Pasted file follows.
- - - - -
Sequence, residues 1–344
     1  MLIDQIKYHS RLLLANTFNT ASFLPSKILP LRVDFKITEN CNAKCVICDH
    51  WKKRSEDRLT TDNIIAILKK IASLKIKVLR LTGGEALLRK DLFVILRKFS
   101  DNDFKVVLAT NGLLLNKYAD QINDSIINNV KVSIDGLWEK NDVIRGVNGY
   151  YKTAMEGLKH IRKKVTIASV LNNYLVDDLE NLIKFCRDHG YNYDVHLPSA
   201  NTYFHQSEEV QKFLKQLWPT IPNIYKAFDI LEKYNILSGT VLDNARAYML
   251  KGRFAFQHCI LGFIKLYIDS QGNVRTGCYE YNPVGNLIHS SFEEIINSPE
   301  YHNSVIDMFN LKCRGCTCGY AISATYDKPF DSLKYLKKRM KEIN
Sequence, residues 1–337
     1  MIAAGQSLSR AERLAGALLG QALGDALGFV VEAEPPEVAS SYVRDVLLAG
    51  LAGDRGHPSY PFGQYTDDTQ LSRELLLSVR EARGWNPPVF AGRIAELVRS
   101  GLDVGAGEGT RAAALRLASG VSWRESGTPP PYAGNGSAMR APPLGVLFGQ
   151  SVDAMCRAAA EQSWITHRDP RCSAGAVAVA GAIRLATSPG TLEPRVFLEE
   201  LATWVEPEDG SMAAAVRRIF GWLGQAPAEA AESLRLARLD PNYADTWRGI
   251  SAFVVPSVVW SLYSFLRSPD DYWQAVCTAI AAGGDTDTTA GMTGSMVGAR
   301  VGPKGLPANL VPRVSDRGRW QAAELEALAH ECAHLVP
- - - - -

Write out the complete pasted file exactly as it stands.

Sequence, residues 1–344
     1  MLIDQIKYHS RLLLANTFNT ASFLPSKILP LRVDFKITEN CNAKCVICDH
    51  WKKRSEDRLT TDNIIAILKK IASLKIKVLR LTGGEALLRK DLFVILRKFS
   101  DNDFKVVLAT NGLLLNKYAD QINDSIINNV KVSIDGLWEK NDVIRGVNGY
   151  YKTAMEGLKH IRKKVTIASV LNNYLVDDLE NLIKFCRDHG YNYDVHLPSA
   201  NTYFHQSEEV QKFLKQLWPT IPNIYKAFDI LEKYNILSGT VLDNARAYML
   251  KGRFAFQHCI LGFIKLYIDS QGNVRTGCYE YNPVGNLIHS SFEEIINSPE
   301  YHNSVIDMFN LKCRGCTCGY AISATYDKPF DSLKYLKKRM KEIN
Sequence, residues 1–337
     1  MIAAGQSLSR AERLAGALLG QALGDALGFV VEAEPPEVAS SYVRDVLLAG
    51  LAGDRGHPSY PFGQYTDDTQ LSRELLLSVR EARGWNPPVF AGRIAELVRS
   101  GLDVGAGEGT RAAALRLASG VSWRESGTPP PYAGNGSAMR APPLGVLFGQ
   151  SVDAMCRAAA EQSWITHRDP RCSAGAVAVA GAIRLATSPG TLEPRVFLEE
   201  LATWVEPEDG SMAAAVRRIF GWLGQAPAEA AESLRLARLD PNYADTWRGI
   251  SAFVVPSVVW SLYSFLRSPD DYWQAVCTAI AAGGDTDTTA GMTGSMVGAR
   301  VGPKGLPANL VPRVSDRGRW QAAELEALAH ECAHLVP